|August 5, 2000||Construction ZONE!!!||7:23 PM|
This marked the first day that I actually started work on the cabinet. I had been buying stuff for the construction, and had gotten pretty much everything planned out (including the layout of the most efficient cuts in the two 3/4" 4'x8' MDF and the one 5/8" 4'x8' MDF). I had spent several evenings drafting out the 3D design on Turbo CAD Pro Version 6.2. You can see some of the screen at the right and I have made the full .DWG file (with 3D rendering, 4'x8' cut plans and dimensions) available on the Downloads page. Now all I needed to do was begin. Well, if you have never tried to move 3/4" 4'x8' MDF around by yourself, let me just tell you that it is VERY DIFFICULT. My wife helped me put the first one on the saw horses the night before, but today, I was on my own.
The biggest problem with 4'x8' sheets, is that you can't easily get them on a table saw. Most of the smaller pieces, I made gross cuts with a skill saw, and then shaped them down to the final dimensions with nice straight lines on the table saw using the fence and T-square. But there was NO WAY I was going to be able to get the side panels up on the table saw for final trim. So, I tried running jigs clamped to the 4'x8' to help align the skill saw. That also didn't work well. For some reason the skill saw wouldn't feed like a table saw and the blade would bind up when I had a jig/fence on the work surface. So, I went back to free-hand with the skill saw. It went ok, but my skill saw sucks (and my free hand ain't so good either...especially after a couple 32-oz. cups of coffee).
I eventually got both the side panels cut out (combination of skill saw and jig-saw worked ok). I ran one of my spline curves around the sharp corners and rounded them on roughly a 2" radius with a jig-saw. Noted that some of the edges and cuts weren't EXACTLY matched up, when I stacked them side-by-side, so I laid them back down on the saw horses, stacked, and trimmed them back even (trying to get as close to the original dimensions as possible). This is where I was glad that I'd cut them with just a LITTLE slop from the original dimensions, so I had some material to work with to even them up without shorting myself on final material.
Once this was done, I began putting the bottom together. I used a two-piece for this, since it worked out better in the 8'x4' sheets to have it in two parts. I started by screwing the 3" kick plates to the bottoms (this will provied for a 2-3" elevated, floor). Looking back (once I put the roller wheels on), I wish I had made this closer to 5-6" of kick plate, and recessed the floor to around 4" high, but it worked out in the long run. I also would DEFINATELY cut any slots for the recessed wheels that you are going to do NOW. Same goes for the leg levelers and level plates.
Next, I screwed the floor to both of the side panels, with the side panels lying on their back edges. Then I proceeded to the top under side slant, main top, and back slant for support. I went ahead and screwed L-brackets into this for better support in addition to the counter-sunk screws from the sides. Note that all of the cross pieces are recessed roughly 1" from the extreme edge. This helps make it look a little more 3D, and gives you room to route T-molding slots in the edges for finish work later. Next I added the front spacer panel above the drawer and another internal cross support behind that at a perpendicular to the front face. Finally, I lined up the TV platform, and actually screwed in runner supports for this and then put the TV platform on top (for better support). I also added a 2x4 cross support directly behind the TV platform.
And this is what I ended up with after the first day...
|August 12, 2000||More work||8:00 AM|
I started by putting some small blocks of wood in key places on the TV platform to help support the TV and keep it from sliding back down the platform. I also added metal corner brackets to all four bottom corners for vertical side-side stability, since having all of those access doors (front and back) really can weaken the cabinet. Cut the holes for the two small fans in the rear slant top, and cut the rear and front doors out of 5/8" MDF. Began the "add-hoc" design and creation of the 3.5" high slide drawer that would go into the front, and mounted everything on the cabinet.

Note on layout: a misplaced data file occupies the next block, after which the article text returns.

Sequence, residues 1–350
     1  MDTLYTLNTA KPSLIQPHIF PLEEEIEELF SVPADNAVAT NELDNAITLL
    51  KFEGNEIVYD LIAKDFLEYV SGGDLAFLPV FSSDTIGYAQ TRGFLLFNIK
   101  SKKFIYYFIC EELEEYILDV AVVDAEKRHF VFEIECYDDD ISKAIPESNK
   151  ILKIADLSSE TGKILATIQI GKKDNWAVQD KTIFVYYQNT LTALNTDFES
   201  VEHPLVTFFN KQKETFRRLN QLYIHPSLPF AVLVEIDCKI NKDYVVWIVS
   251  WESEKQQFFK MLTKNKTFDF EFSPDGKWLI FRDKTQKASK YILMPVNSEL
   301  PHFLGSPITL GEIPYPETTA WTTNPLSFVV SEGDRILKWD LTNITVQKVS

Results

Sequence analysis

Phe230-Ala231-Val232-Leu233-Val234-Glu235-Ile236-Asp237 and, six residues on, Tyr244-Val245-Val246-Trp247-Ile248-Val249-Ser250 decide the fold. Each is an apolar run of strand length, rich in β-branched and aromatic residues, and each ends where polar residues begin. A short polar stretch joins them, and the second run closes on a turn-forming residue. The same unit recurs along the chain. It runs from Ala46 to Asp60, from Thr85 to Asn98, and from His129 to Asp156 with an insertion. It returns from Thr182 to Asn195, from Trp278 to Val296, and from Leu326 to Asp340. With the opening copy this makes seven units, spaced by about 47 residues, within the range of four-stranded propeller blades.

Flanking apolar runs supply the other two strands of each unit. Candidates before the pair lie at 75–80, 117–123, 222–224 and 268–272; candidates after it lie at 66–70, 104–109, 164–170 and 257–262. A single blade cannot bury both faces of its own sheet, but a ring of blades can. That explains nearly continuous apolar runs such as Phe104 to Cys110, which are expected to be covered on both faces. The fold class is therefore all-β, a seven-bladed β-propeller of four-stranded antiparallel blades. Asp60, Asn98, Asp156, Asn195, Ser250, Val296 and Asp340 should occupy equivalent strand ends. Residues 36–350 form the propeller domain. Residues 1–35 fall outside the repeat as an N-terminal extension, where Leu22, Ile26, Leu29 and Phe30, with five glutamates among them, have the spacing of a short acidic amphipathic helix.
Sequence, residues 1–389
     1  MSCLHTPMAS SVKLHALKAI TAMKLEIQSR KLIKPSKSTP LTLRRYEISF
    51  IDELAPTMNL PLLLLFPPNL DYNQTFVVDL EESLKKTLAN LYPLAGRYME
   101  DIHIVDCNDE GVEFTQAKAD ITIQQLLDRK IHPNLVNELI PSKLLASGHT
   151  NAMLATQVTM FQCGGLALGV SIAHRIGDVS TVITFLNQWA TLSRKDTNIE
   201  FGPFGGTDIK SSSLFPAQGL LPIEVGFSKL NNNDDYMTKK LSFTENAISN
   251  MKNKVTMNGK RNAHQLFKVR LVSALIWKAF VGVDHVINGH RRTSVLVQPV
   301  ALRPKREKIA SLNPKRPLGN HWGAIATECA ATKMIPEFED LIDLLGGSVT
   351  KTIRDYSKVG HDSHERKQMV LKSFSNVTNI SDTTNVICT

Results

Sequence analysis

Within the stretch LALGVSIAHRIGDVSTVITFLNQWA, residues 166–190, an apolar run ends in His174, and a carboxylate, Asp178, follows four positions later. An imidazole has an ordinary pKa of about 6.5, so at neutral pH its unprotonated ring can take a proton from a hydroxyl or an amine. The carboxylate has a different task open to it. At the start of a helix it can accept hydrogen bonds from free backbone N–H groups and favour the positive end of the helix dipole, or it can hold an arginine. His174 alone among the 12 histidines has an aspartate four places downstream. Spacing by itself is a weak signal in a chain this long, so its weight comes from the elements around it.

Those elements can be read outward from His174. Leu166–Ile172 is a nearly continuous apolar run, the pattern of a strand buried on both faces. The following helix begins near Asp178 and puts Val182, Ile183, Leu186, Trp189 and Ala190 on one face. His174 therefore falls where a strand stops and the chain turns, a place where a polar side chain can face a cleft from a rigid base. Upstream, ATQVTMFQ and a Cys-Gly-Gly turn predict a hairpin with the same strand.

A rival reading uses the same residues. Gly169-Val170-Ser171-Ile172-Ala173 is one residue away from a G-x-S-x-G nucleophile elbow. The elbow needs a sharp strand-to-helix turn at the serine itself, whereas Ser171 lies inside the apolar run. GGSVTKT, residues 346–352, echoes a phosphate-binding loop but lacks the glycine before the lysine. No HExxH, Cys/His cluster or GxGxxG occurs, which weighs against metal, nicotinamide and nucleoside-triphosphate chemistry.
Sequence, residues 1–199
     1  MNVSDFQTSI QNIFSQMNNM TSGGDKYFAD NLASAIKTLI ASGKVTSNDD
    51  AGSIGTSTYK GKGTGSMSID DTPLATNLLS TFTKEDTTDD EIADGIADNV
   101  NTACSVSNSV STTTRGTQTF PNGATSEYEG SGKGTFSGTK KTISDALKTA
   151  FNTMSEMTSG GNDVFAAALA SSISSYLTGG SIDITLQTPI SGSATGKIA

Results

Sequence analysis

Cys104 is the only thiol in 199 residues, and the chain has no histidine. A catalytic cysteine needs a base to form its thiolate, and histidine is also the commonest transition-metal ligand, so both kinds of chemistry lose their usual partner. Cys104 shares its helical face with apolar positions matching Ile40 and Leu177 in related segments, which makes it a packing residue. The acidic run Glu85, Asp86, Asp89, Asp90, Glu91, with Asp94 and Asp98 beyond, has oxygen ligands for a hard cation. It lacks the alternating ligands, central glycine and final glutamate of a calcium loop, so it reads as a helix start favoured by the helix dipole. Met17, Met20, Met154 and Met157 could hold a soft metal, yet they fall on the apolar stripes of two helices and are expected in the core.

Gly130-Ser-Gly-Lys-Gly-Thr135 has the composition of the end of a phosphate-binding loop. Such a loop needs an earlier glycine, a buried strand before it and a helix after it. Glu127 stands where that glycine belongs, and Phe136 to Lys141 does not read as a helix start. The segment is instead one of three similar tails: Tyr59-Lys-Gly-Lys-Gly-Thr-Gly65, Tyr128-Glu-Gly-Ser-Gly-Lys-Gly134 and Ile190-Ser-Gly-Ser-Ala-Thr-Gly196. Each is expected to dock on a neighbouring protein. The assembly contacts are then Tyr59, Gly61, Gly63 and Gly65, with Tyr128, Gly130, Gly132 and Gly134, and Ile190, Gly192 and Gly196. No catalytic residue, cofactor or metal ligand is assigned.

Finally, I began to work on a way to kerf the edges of the side panels for the T-molding that would be put on as final trim. This sucked. the panels are too big to run across a table saw (even if they weren't bolted together), and a hand skill saw would only end up killing someone. I have a router, and probably should have attempted something with this and some jig to line it up, but I went ahead a bought a new dremel tool, complete with a small router base and a 1/8" cut bit. I worked out a jig to make it line up ok, and began working on it. Screw me...this took forever, and was dusty and actually ended up looking like crap (even with the jig, this didn't go straight or neat). I'm also worried that the 1/8" cut is going to be too big for the T-molding slot, but we will see. Even if I had managed to get the side panels run across the table saw, I wouldn't have been able to get into some of the tight inside corners of the top below the marquee. This was even tough for the dremel tool. Again, this just plain SUCKED. If I could have found a router bit that would have allowed me to hold the router at a 90' angle to the side panel edges (sort of a 3/32" rotating cut wheel or disk), then it would have been infinitly easier, but I couldn't find one ANYWHERE. This was acutally a huge bulk of the day.
|August 14, 2000||Sore and tired||8:00 AM|
I started out here by vaccuuming up all the filthy saw dust that had been collecting over the past couple work days. Then, I began the detailed process of cutting and lining up the front plexiglass. I used some 1" aluminum angle material and used the PVC marquee mounting plastic for the sides that I got from Happ Controls and placed a small line of double-sided insulation weather stripping tape to prevent vibration. The bezel should cover most of the rest of the back ground up. Went back and attatched the leg leveler pads and plates, and did some retro modification to the bottom to accomodate the recessed wheels (this should have been done first to the bottom as I mentioned earlier). Also began working out how to put the satelite speakers from the cheap powered computer speaker package that I got. Ended up taking the speaker fronts off the plastic square boxes and drilling two 2.5" holes in the front slant panel below the marquee and mounting the roughly 3.5" x 5" square speakers in there. Unfortunately, while drilling out the mounting holes, I punched through the front of one of the plastic face plates, and the drill bit ate the cloth mesh covering on one corner. Also mounted the volume control on an L-bracket inside the front door cabinet.